Man: So here's the smallest, cheapest, easiest, fastest version of a portable canon that I could keep working. Takes up 30 seconds to build and fire. This is the southward-facing version. The northward-facing version is a little bit harder but I'll show you how to make that too. All right.
So let's look at how to build this guy really quick. I need a diamond shovel, TNT, a trigger like a lever or a pressure plate, some redstone, and a water bucket. Dig trench three-long, drop the water, TNT. You can pick up those dirt blocks, put them right there. Redstone, and then drop one trigger here, one trigger there. TNT goes there. Light the charge, light the TNT, there you go. Count should be about four Mississippi between lighting the charge and the shot. You'll figure out the time yourself. You can see that came up a little bit short. If yours' coming up short, you can always just head to another row.
Okay. So before we look at other directions, let's look at why this works so well when facing south. When you light a TNT with redstone, it's going to jump a little bit north, some random direction north. So when we light a canon, this TNT's going to jump and the shot is going to jump on top of it. So it ends up being at the perfect angle even if it's just a tiny charge.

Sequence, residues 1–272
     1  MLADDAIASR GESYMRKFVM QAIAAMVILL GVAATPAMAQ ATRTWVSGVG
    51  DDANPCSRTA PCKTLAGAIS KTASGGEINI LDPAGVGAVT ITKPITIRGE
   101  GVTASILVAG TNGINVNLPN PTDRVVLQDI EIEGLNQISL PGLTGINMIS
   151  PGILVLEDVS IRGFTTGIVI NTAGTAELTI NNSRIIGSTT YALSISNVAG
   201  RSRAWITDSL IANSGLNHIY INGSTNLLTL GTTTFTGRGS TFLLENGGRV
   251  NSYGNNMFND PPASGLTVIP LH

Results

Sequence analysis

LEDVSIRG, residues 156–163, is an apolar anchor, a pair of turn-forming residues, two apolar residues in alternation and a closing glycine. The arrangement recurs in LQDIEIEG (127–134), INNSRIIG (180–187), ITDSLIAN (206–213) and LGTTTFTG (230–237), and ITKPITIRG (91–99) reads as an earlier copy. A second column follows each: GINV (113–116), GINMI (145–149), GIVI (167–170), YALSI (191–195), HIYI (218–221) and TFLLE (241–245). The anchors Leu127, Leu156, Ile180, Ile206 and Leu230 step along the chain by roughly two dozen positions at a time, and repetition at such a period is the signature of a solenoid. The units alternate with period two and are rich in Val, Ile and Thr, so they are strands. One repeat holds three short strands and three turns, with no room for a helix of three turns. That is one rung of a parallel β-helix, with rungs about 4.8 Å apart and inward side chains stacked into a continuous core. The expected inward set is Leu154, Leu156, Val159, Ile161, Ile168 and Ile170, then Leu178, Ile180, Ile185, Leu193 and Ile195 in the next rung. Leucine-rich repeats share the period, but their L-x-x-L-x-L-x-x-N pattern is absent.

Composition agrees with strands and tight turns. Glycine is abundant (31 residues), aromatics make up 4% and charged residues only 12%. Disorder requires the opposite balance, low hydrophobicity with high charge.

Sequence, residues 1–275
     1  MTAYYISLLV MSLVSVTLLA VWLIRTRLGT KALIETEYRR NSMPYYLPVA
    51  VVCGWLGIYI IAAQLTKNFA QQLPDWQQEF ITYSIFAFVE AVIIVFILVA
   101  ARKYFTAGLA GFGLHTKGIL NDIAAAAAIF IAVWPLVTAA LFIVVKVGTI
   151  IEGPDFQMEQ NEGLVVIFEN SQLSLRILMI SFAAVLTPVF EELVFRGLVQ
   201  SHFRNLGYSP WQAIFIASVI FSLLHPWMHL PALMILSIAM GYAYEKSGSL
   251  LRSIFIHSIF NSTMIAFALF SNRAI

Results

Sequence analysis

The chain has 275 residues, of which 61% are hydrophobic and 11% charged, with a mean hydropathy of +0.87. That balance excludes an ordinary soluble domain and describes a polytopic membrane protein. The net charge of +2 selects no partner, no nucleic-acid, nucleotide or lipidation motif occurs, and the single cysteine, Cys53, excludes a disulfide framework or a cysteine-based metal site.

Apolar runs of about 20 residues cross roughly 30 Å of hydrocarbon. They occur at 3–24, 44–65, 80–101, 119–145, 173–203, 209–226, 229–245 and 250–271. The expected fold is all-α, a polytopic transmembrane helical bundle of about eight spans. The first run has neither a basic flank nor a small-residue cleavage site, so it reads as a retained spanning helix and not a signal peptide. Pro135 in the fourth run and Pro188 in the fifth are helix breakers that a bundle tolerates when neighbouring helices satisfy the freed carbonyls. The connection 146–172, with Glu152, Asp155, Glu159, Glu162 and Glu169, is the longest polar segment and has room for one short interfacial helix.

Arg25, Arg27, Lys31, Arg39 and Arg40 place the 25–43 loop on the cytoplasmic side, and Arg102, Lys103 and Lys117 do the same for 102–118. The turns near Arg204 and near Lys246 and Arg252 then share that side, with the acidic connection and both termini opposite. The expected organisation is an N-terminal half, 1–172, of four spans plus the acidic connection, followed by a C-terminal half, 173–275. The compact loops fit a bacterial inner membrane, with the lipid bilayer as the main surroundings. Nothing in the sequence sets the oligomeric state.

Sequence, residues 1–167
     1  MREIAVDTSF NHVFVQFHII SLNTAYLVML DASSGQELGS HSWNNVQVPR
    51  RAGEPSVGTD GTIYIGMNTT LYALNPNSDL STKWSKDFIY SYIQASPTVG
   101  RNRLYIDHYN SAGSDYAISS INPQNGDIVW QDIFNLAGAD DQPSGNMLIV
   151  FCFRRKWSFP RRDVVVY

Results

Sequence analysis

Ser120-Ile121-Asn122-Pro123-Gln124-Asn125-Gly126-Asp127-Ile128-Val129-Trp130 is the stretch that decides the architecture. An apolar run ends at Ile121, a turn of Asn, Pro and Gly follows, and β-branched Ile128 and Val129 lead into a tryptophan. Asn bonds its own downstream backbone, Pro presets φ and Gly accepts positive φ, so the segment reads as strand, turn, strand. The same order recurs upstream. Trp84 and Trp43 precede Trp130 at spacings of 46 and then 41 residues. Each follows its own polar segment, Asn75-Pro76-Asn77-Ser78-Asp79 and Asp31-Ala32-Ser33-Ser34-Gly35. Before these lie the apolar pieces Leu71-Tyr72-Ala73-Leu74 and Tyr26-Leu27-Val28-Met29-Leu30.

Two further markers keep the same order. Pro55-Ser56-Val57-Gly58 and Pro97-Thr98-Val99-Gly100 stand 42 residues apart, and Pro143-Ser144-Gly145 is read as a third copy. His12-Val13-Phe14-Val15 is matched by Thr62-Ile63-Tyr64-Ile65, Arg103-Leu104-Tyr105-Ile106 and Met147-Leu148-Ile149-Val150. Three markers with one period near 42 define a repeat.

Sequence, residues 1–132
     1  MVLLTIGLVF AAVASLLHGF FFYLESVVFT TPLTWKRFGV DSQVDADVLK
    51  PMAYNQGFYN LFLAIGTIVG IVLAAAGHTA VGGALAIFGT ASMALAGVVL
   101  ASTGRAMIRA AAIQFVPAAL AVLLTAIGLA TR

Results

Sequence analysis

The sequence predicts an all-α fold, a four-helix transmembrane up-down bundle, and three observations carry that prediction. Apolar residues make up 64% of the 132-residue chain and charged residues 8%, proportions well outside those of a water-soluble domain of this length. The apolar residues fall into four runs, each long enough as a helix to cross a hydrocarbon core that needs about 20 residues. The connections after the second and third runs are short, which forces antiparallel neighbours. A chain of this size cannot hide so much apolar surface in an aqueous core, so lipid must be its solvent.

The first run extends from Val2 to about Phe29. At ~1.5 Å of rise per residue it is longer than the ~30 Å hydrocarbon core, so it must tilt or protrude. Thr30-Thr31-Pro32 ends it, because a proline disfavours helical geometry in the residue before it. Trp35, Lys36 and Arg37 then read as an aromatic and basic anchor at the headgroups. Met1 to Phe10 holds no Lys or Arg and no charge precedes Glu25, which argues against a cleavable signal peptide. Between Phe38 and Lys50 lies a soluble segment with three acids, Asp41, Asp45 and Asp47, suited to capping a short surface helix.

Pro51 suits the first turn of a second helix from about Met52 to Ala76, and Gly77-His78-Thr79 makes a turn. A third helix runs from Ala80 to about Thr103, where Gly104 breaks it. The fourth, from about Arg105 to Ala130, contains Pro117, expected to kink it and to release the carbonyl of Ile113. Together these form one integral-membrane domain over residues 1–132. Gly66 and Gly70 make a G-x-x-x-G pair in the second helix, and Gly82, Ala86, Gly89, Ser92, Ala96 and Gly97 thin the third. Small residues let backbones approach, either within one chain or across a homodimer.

Now on the other hand, we have the north-facing canon. This one as you can see takes a little bit actual work but basically it's the same. You need something for the TNT to sit on, and you need something here to place the TNT on. So now that it's placed, this lever is going to both light the TNT and initiate that trap door. So I light the charges same as always, and the shot, and we still get great results. These blocks on top prevent the TNT from jumping too high and then going out of the channel or landing on top of the shot.
So here I've got a canon facing east, same design, same trap door, same levers. Light the charge, and light the shot. Perfect. Oh man, we almost got that cow. Now one key thing is, when you're facing east or west, always make sure that these, let's call them guide blocks, are always on the north. If they're not on the north, it's going to jump out and it's going to be very bad. I will demonstrate that right now. Now note everything is the same except for the position of the guide blocks. Light it and the TNT jumps out, and now it's not on the water anymore. Still got a great shot but our canon is done. So always make sure you know which way is north.